CO2 injection into reservoirs or aquifers involves tracking a highly mobile fluid, potentially over a long period of time. Both the initial injection pattern and the formation and movement of the CO2 plume depend on the details of the geological model. Temperature effects can be included and high-quality models of the CO2-brine PVT behaviour are required. The need for high resolution combined with long simulation timescales make this type of simulation computationally demanding, but the use of cloud technology offers cost-effective and powerful highly-parallel computing resources to solve these problems. Examples are given of effects that can be modelled and of results that can be obtained.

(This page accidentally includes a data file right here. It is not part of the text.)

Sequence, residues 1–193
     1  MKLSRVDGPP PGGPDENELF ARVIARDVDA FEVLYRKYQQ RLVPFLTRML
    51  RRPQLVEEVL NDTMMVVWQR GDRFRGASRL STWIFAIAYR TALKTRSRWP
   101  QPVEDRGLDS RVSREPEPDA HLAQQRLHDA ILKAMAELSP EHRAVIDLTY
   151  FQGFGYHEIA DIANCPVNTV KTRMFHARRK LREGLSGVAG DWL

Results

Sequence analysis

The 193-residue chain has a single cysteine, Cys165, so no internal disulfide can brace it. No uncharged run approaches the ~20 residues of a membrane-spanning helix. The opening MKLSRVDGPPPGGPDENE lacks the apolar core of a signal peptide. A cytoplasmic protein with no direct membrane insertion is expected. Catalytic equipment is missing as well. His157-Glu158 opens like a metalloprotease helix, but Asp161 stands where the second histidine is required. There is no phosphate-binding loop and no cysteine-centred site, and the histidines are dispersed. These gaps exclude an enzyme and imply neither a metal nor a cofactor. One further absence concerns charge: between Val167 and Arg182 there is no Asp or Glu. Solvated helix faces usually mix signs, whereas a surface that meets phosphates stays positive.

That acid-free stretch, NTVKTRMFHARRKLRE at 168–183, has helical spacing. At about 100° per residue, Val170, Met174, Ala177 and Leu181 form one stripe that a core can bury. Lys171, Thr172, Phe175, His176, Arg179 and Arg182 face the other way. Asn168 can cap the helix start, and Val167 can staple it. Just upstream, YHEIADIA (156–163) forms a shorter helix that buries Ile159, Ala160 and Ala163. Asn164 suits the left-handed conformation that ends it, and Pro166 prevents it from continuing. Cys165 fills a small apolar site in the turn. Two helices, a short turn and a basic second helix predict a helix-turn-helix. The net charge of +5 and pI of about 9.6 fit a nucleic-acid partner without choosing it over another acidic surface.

Imperial College, Royal School of Mines, Prince Consort Road, London SW7 2BP, http://www.imperial.ac.uk/
A buffet will be served after the presentation.
Paolo Orsini is the founder and MD of OpenGoSim. He has been working on CO2 modelling since 2013, when he also got involved in PFLOTRAN development. After an M.Sc. in mechanical engineering, he acquired a PhD in numerical analysis applied to groundwater. Before OpenGoSim, he worked as consultant in groundwater and CO2 storage projects.
Dave Ponting, the most senior developer at OpenGoSim, will also be present in the audience to take part in the technical discussions.